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  • Writer's pictureLa Voz Latina

Exposition at STAMP Gallery features work of queer Latinx artist

By: Gabriela Tomasi da Silva


Artwork by Hoesy Corona exhibited at Adele H. Stamp Student Union at the University of Maryland on Feb.8, 2023 (John Valencia)

The Unfold Exposition at STAMP Gallery features the work of the Queer Latinx artist Hoesy Corona.


By exploring the different magnitudes of garments as a means of expression, the exposition invites the audience to reflect on clothing’s power to influence the binaries of human existence.


The multidisciplinary artist Hoesy Corona discovered art as a means of expression as a kid when they used drawing to understand their surroundings as they moved from Mexico to the United States.


Gifted from an early age, the artist recalls that teachers would point out their artistic inclinations; but it wasn’t until transferring to a private school during their first year of high school that Corona started to see the possibility of pursuing art as a career.


After deciding to become a professional artist, Corona strove to get a college education while working full time, often having to adapt their artwork to time restrictions. Despite the challenges, Corona didn’t compromise the effort and thoughtfulness behind the projects.


Inspired by Mexican culture, the artist has intuitively allowed bold color to become a highlight in their work. However, Corona’s Mexican heritage hasn’t always been celebrated in the artistic field.



Artwork by Hoesy Corona exhibited at Adele H. Stamp Student Union at the University of Maryland on Feb.8, 2023 (John Valencia)


The artist recalls their first experience with discrimination when using elements of Latin culture in their art. One of their college professors commented on their work being “Mexican” in a depreciative tone as if associating the elements with poor quality and distastefulness.


Corona recalled viewing the hateful comment as an opportunity to resignify the way his heritage was perceived. “Do you mean sophisticated and well done?” they replied.


Their Latin roots have also become a barrier in navigating the art field in the United States as Corona faced the challenge of honoring culture through artwork while also being an American artist.


The artist emphasized the harmful tendency of grouping Latin artists together and mentioned the increase in American artists using the term Latinx. The term allows U.S based artists to show their ties with Latin culture while not being excluded from the American category.


This distinction is relevant because it helps artists fight the tendency of being placed in the in-between space, which prevents them from fully being a part of the art scene in the United States.


“Latinos in the United States have always been the immigrant, the other, the foreigner. Even if you are many generations in,” said the artist. “At the end of the day we are American artists,” they added.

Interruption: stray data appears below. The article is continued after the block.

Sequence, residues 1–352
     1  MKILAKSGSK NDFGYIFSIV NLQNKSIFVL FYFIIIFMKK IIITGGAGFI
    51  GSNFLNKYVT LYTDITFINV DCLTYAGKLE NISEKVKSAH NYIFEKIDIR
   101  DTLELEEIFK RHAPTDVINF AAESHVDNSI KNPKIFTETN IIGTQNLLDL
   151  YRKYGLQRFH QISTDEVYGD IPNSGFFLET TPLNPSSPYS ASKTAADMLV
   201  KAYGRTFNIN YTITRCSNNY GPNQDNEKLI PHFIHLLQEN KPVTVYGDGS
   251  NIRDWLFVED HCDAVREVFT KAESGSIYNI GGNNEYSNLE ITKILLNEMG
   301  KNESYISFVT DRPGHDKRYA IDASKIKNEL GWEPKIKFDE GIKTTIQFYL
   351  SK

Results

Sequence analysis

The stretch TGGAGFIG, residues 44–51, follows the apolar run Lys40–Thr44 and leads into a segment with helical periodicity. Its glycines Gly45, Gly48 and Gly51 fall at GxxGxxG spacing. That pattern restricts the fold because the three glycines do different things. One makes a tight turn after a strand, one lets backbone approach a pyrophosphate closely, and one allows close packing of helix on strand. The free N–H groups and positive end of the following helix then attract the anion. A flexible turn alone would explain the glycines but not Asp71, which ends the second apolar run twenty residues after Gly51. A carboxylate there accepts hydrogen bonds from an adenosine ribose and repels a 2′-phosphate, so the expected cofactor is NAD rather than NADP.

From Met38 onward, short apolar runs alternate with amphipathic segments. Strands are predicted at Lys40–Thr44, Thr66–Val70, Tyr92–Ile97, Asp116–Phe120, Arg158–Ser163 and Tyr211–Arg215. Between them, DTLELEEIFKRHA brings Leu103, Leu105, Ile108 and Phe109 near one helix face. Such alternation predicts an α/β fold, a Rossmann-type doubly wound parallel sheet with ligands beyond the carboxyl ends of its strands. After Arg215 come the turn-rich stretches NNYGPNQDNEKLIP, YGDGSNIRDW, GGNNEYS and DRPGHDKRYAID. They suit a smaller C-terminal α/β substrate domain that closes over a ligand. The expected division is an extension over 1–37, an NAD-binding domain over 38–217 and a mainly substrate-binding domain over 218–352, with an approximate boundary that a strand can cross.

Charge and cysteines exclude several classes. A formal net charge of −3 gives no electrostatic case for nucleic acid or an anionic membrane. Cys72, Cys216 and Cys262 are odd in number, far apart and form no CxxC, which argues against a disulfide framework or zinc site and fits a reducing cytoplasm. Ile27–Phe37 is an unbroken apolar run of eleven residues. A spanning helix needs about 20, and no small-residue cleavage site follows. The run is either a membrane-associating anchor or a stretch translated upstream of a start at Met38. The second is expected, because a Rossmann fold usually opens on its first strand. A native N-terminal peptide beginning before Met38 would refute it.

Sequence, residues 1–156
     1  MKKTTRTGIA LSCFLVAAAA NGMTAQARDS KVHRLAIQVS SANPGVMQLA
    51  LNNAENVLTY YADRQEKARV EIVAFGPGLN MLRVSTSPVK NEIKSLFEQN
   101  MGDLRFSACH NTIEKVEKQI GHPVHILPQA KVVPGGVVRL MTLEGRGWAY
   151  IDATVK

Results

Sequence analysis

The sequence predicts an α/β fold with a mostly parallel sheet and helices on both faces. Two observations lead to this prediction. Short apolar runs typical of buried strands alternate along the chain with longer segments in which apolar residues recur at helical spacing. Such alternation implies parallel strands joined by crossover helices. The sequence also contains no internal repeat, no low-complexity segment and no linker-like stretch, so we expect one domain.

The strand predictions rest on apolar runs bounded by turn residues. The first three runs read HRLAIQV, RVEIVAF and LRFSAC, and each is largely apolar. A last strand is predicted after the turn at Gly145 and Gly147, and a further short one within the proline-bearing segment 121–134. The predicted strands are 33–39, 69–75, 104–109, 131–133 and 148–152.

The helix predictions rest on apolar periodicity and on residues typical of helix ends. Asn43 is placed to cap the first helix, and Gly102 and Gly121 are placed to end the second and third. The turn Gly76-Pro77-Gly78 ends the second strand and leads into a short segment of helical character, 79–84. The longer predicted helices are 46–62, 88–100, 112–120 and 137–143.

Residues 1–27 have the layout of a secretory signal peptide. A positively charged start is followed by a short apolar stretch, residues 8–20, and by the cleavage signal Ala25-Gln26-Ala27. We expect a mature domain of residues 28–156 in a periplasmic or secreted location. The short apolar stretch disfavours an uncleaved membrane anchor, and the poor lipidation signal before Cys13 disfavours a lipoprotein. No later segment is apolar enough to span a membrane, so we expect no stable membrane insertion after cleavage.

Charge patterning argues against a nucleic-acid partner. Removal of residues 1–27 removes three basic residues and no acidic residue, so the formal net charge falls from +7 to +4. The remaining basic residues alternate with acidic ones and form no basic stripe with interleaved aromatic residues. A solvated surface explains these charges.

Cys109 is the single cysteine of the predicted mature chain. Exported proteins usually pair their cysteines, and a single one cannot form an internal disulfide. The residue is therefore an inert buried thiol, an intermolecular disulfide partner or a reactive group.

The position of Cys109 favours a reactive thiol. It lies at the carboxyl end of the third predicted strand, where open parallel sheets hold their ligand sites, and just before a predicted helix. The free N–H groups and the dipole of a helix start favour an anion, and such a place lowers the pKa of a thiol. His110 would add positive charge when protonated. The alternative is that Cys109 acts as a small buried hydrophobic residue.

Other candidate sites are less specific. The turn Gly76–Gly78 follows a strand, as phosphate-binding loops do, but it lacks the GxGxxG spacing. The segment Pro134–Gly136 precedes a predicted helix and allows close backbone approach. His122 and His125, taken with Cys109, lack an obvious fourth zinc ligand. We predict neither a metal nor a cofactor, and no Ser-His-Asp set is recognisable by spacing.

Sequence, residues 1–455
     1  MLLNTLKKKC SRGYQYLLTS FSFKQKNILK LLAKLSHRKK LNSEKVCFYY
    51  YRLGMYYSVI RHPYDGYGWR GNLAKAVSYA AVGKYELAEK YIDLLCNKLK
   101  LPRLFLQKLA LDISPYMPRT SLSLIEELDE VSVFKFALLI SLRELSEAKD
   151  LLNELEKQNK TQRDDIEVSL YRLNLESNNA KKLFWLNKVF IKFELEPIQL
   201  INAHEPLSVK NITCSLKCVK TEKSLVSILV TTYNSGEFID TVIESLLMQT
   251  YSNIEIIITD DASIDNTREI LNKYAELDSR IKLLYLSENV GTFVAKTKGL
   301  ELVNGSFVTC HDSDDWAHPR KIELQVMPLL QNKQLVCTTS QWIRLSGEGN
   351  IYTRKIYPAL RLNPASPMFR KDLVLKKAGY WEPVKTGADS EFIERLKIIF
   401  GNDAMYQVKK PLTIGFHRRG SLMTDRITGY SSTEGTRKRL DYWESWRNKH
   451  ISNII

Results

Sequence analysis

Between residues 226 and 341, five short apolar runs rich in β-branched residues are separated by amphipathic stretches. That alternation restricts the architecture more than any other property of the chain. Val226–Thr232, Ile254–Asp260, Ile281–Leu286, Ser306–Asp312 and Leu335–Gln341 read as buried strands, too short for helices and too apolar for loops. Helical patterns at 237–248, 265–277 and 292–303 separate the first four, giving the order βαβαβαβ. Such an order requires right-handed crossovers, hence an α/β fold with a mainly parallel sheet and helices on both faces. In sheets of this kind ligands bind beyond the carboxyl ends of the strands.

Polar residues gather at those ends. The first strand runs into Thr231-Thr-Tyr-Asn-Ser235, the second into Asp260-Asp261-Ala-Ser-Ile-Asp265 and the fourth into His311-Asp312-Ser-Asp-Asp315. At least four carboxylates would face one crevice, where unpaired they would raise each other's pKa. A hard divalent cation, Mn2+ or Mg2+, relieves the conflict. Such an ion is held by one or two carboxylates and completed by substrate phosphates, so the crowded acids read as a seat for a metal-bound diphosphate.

Inspired by their identity, Corona’s work explores the interconnectedness of social issues while gently inviting the audience to take a step further in their self-introspection.


In the 2017 Climate Immigrant series, Corona wanted to problematize notions surrounding immigration and climate change by focusing on how they interconnect.


In this series, the climate immigrants wear climate ponchos, defined by the artists as wearable sculptures that also exist in gallery settings as objects.


“The ponchos signify the concepts of living in relationship to nature and also having to protect ourselves from it,” said Corona.


This notion of wearable art is what connected Corona’s project to the Unfold Exposition.


The themes presented in the art pieces include the active displacement of people by natural situations, which affects the immigrant community’s definition of who they are as a community.


Additionally, in covering the performers’ faces, the viewer is reminded of the dehumanization of immigrants.


These aspects allow for open interpretation from the viewer inviting them to review their beliefs on immigration.


The UMD art history student Isabella Chilcoat appreciates the statement behind Hoesy’s art pieces.


“I think it’s great that Hoesy can connect those intersecting issues and bring them to the forefront with something that visually entices people and makes them want to talk about it,” said Chilcoat.


Corona has a busy year ahead as an artist. They plan to continue to invite viewers toward self-reflection through his upcoming projects.


Coming soon, in May, the artist will do a performance at Adkins Arboretum, which will include a selected pathway with performers carrying suitcases and bodysuits along the way, with audience members able to join the caravan.


Now, students can enjoy Corona’s artwork and engage in thoughtful conversations about clothing’s power to shape our reality by visiting the Unfold Exposition at STAMP Gallery. The exposition is free and open to the public until April 30, 2023.



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